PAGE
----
A few months back, I was rushing around from one Sarkari office to another, trying to get my birth certificate apostilled. Apostilling of certificates is characteristic of today’s globalized world. People aspiring to study or work in a country, other than the one in which they were born, are often required by the destination countries, to legalize their birth, educational or marriage certificates, from the country in which they were originally issued. Apostilling of certificates is a form of legalization which is acceptable in all those countries which are members of the Hague Convention of October 5, 1961.

I am an Indian citizen, by birth. India is a member of the Hague Convention of October 5, 1961. I work out of a foreign country which wanted me to get my birth certificate apostilled – this explains why I am writing this article.

The Case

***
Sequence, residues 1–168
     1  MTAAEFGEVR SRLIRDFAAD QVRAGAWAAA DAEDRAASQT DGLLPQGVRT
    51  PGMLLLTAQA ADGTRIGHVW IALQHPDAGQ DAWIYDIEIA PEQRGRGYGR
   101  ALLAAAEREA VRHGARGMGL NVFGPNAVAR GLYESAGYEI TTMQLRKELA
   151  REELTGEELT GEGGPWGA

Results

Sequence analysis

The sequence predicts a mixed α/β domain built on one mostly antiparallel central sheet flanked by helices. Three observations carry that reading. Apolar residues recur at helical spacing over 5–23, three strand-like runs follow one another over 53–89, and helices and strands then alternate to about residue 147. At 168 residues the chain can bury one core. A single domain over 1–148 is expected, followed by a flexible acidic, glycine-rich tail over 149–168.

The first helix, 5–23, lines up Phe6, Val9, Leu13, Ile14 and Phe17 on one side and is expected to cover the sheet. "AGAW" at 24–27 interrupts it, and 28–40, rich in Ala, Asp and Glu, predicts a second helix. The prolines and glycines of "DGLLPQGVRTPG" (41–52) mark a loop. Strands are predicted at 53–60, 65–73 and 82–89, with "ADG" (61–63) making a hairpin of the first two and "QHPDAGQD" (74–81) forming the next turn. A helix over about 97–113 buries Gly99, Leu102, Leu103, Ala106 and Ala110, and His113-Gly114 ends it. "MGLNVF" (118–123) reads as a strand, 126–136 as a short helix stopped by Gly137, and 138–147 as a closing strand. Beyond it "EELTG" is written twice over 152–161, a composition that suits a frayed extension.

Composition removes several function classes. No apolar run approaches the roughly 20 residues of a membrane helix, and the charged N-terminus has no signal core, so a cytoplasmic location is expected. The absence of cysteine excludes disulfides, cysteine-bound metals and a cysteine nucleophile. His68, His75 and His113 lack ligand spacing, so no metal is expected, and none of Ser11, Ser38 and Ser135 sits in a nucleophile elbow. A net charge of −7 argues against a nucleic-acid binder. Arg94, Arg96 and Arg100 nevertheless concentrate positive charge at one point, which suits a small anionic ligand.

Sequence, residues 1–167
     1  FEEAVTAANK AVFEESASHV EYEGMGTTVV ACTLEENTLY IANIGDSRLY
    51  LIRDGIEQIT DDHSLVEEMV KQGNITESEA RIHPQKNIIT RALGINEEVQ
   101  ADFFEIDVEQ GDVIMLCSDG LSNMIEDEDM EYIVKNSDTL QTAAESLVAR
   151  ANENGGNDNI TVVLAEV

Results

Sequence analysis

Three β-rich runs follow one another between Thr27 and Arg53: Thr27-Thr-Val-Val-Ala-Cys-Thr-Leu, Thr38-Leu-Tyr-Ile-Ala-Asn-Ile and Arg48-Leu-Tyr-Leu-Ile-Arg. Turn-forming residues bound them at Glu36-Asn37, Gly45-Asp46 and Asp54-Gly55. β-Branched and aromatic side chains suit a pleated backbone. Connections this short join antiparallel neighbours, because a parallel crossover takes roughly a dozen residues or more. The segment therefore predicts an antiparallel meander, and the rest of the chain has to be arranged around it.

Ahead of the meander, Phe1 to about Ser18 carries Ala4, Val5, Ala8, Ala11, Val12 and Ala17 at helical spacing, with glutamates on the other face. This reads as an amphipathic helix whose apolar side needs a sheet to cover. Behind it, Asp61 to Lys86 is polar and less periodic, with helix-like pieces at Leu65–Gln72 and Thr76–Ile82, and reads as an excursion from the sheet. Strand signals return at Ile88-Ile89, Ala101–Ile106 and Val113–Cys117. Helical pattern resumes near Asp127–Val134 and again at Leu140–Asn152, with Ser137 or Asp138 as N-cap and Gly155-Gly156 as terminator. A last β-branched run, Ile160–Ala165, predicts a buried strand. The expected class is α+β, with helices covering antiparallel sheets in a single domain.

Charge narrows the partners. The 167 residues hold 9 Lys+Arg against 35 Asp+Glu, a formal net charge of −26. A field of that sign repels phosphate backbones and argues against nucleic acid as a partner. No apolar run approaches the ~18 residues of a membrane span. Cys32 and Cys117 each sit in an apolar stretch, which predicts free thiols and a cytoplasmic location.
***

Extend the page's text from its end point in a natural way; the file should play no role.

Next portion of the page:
The website of the Ministry of External Affairs, Government of India (see http://mea.gov.in/apostille.htm) explains that apostilling is a two-step process –

“Step 1 – [State] Authentication of documents: All original documents/copies requiring attestation or Apostille should be first authenticated by the designated authorities of the State/Union Territory from where the document has been issued.”

“Step 2 – Legalisation of documents: The Ministry of External Affairs thereafter, legalises the documents on the basis of the signature of the designated signing authorities of the State Government/Union Territory.”

The website also lists 4 outsourced agencies which can assist applicants with Step 2 of this process –

  1. M/s BLS International Services Ltd.
  2. M/s IVS Global Service Pvt. Ltd.
  3. M/s Superb Enterprises.
  4. VFS Global Attestation Centre.

However, the webpage does not clearly outline if these agencies also help applicants with Step 1 – i.e. state authentication.